In some cases, different operating systems may have the same resulting fingerprint. If two (or more) systems give the exact same results for every test, in some embodiments detection system 102 presents both (all) as possibilities, e.g. via interface 124. In some cases this situation occurs where vendors release new versions of their operating system without having made any significant changes to the IP stack. Important changes may have been made elsewhere, or the upgrades may have been superficial. In such circumstances, detection system 102 can be configured to prints a range of applicable operating system versions such as Sun Solaris 9-10.
Duplicate fingerprints may also occur for different devices which share a common operating system. For example, a printer from one vendor and an Ethernet switch from another may actually share an embedded OS from a third vendor. Subtle differences between the devices may still allow them to be distinguished. Nonetheless, detection system 102 may also be configured to list the possibilities.
Multiple vendors may sometimes label the same OEM device with their own brand name and model number. Detection system 102 can be configured to list the possibilities, and also to indicate that the other possibilities are all fundamentally the same device.
In some embodiments reference database 122 is configured to allow the submission/retrieval of comments that provide more detailed information.
In some cases, detection system 102 is used by human users, such as ones interacting with detection system 102 via interface 124. The processing provided by detection system 102 can also be used in conjunction with scripts and applications, such as to perform periodic security scans or to generate reports.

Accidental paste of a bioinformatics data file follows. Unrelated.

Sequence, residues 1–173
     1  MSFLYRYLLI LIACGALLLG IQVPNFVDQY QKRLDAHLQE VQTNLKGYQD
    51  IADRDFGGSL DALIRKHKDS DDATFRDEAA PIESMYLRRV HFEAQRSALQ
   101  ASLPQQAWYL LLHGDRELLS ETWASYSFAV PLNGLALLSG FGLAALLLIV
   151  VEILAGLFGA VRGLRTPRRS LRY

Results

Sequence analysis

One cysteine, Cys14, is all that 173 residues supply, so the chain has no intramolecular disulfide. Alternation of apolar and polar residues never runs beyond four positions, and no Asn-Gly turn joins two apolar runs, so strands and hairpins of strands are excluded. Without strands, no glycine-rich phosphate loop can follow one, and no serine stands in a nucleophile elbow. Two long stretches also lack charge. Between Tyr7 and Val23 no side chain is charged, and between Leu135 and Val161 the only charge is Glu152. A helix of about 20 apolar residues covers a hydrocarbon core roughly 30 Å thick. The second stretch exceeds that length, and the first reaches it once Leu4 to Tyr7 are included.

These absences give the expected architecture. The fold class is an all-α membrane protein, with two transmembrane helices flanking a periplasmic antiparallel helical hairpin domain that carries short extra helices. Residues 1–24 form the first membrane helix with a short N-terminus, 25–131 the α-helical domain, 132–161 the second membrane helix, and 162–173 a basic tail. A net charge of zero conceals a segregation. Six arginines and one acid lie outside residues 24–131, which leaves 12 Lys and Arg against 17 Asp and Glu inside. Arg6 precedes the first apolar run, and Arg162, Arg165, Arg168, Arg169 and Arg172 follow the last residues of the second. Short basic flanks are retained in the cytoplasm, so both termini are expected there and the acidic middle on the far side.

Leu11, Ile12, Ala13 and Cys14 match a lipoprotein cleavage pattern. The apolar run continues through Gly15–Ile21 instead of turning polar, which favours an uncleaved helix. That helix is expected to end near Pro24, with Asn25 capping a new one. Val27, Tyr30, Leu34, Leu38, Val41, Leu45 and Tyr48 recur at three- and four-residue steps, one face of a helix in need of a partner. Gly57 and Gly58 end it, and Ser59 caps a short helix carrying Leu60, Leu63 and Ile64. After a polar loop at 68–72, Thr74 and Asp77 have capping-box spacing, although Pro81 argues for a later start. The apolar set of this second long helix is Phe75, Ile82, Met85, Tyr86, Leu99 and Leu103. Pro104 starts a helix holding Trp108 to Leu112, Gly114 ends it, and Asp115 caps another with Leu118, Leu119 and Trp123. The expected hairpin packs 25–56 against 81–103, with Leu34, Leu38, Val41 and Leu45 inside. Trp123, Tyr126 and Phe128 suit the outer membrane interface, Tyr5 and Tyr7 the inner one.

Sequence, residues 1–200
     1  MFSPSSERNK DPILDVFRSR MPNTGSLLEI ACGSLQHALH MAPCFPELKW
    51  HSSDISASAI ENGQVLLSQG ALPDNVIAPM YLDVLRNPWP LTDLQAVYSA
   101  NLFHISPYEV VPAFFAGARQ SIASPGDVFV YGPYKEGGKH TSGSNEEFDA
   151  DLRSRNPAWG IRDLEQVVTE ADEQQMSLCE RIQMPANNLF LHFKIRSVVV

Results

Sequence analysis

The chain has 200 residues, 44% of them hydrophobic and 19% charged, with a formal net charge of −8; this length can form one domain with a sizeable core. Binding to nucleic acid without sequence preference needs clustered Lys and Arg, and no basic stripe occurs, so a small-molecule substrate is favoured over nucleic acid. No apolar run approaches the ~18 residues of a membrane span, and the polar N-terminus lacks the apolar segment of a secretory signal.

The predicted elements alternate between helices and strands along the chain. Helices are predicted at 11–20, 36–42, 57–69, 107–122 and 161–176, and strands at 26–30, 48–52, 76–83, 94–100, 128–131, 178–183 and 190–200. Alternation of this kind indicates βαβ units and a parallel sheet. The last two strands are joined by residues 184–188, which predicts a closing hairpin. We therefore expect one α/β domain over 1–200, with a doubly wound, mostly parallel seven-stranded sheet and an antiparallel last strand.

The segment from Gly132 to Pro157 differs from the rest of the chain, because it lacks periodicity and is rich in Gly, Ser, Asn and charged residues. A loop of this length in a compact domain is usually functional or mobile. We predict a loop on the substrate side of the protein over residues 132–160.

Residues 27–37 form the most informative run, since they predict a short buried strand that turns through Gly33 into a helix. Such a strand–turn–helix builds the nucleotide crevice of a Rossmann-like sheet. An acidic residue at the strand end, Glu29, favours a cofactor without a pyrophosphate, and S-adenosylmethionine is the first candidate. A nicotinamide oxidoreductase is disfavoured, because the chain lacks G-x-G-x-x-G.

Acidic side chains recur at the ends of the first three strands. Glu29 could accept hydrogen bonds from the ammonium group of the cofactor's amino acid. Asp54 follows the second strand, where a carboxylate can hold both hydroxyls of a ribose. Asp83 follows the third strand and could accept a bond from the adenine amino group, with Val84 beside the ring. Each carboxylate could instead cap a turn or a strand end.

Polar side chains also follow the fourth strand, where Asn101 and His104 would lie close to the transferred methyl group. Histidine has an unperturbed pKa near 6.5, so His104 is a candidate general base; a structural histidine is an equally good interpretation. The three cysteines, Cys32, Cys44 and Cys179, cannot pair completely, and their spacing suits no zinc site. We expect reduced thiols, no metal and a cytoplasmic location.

Every fingerprint has one or more Class lines (e.g., line 1004) that each include four fields: vendor, OS name, OS family, and device type. The fields are separated by the pipe symbol (|). Each field contains a single value. If a fingerprint represents more than one possible combination of these four fields, multiple Class lines are used.
The “vendor” is the company which makes an OS or device. Examples are Apple, Cisco, Microsoft, and Linksys. For community projects such as OpenBSD and Linux without a controlling vendor, the OS family name is repeated for the vendor column.
The “OS family” includes products such as Windows, Linux, IOS (for Cisco routers), Solaris, and OpenBSD. There are also hundreds of devices such as switches, broadband routers, and printers which use undisclosed operating systems. In some embodiments, if the underlying OS isn't clear, the “embedded” family is used.